With the exception of Japan and coverage of WWII, "outward belittlement" rarely exists.

5. Who are the greatest Chinese leaders according to the Xizhou villagers? What factors, including government propaganda, would have shaped these views?

Their picks of "great leaders" are highly varied over China's long history, and would remain similar even without government propaganda. However, certain leaders of the past 100 years may be less featured, like Mao Zedong, Deng Xiaoping, Sun Yatsen, etc.

6. What do the Xizhou villagers know about 20th century Chinese history? How would government propaganda have shaped these views?

All adults know the main events, especially if they were living during the time. However, they may know more about the Sino-Japanese War than events under Mao, especially the younger adults who have not lived through MaoF.

7. How is propaganda spread about Xizhou? How can I analyze every method of propaganda in Xizhou?

Propaganda is mainly spread through social media, television and banners around town nowadays. However, a few decades ago, propaganda through radio, wall messages and banners would be more dominant. 

8. Where are wall propaganda messages placed? What factors impact their placement?

Wall propaganda is placed all over town, often in easily accessible areas but not necessarily. Some can be found in dead ends and alleyways, often because those places had many more people before. They are also frequently placed away from sunlight, so that they will not fade too easily.

9. What colours are predominant in wall propaganda messages? What results can certain colours convey?

Only red is used for the majority of the time, or white on red if they are banners. These colous attract attention easily and stand out from the walls, no matter how decayed.

10. How is art used in wall propaganda messages? What results can art bring?

Art is rarely used in older messages; however, there are more recent pictures that depict art for public health campaigns, like for anti-smoking PSAs. 


1. "Maoism." Britannica School, Encyclopædia Britannica, 30 Aug. 2010. Accessed 14 Apr. 2017.

2. "Ma." Glossary of Terms: Ma. MIA: Encyclopedia of Marxism, n.d. Web. 14 Apr. 2017.

3. "Mao Zedong." Britannica School, Encyclopædia Britannica, 29 Dec. 2015. Accessed 14 Apr. 2017.

4. "The Mao Cult." Chinese Posters. N.p., 16 Dec. 2016. Web. 14 Apr. 2017.

5. "Great Leap Forward." Chinese Posters. N.p., 07 Nov. 2016. Web. 14 Apr. 2017.

6. "Cultural Revolution Campaigns." Chinese Posters. N.p., 21 Jan. 2017. Web. 14 Apr. 2017.

7. Han, Oliver Lei. "Sources and Early Printing History of Chairman Mao’s “QUOTATIONS”."Bibsocamer. The Bibliographical Society of America, 10 Jan. 2004. Web. 14 Apr. 2017. <>.

8. "Dali Attractions." Dali Attractions China: Sightseeing Sites in Dali. Travel China Guide, n.d. Web. 14 Apr. 2017. <>.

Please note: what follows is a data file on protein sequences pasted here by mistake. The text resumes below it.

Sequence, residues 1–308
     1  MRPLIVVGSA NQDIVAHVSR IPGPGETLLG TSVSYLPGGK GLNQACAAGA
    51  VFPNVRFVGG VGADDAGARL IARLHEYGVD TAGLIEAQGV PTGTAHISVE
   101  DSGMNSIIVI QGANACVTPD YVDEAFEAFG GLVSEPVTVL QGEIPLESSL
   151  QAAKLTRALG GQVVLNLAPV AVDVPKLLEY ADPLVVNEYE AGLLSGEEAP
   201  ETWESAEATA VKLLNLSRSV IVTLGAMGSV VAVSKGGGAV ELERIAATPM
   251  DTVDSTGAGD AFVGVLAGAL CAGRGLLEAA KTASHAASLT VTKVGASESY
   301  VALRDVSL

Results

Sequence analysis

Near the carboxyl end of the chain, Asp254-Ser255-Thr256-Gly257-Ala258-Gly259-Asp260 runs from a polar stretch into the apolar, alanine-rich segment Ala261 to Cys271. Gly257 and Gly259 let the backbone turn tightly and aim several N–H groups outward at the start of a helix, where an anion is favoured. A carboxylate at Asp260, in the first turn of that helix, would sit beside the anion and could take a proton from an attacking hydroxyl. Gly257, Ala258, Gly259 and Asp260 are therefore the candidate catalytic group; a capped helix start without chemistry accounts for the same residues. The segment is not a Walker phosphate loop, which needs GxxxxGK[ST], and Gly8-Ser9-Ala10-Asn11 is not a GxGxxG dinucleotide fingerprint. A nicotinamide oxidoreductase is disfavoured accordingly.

9. "Visiting Xizhou Is like Being Trapped in Time." Shanghai Daily,上海日报. N.p., 03 June 2014. Web. 14 Apr. 2017. <

10. C____, Annie. Web 15 Apr. 2017.

11.  Y___, Catherine. Web. 15 Apr. 2017.

12. LindenJeanee. Personal Interview conducted by Marco K., May 2, 2017

13. Linden, Bryan. Personal Interview conducted by Marco K., May 3, 2017

14. Du. Personal Interview conducted by Marco K., May 4, 2017

15. Li. Personal Interview conducted by Marco K., May 5, 2017

16. Zhao. Personal Interview conducted by Marco K., May 5, 2017

17. Xu, Changming. Personal Interview conducted by Marco K., May 8, 2017

18. Landsberger, S. R. Email message sent 2 May 2017

19. Xie. Personal Interview conducted by Marco K., May 15, 2017

20. Xu, Hongkang. Personal Interview conducted by Marco K., May 16, 2017

The purpose of this information was for me to form and support a thesis statement, in order to report my findings and share a final product with you. After I finished doing so, I moved on to Phase 4.


Whoa! I just finished reading

Whoa! I just finished reading your Phase 3, and I can't believe you're already moving onto Phase 4! You're really on top of your game, and your project is really shaping up. Knowing you, I know you're passionate about the history aspect this project involves. Phase 3 for me was the most challenging, since it took so much time. Your next few phases will go by so quickly, so don't be afraid to fully embrace what this project can become. I hope you have a blast finishing your project, and I can't wait to see your final product!

Hi! I am Marco, a student of SAS from 2006 to 2017. I was part of the Tactical trip, which was in Xizhou during May 2017. My family comes from Hong Kong. I have two twin sisters who are two years older than me. One of them, Charlotte K, is a Microcampus alumni. I love to read, learn and take risks, all of which I have done plentifully in Microcampus. I have had so much fun in Xizhou, especially as I improved myself and realised so much about rural China. What I have learned in Xizhou is truly unforgettable and important to me.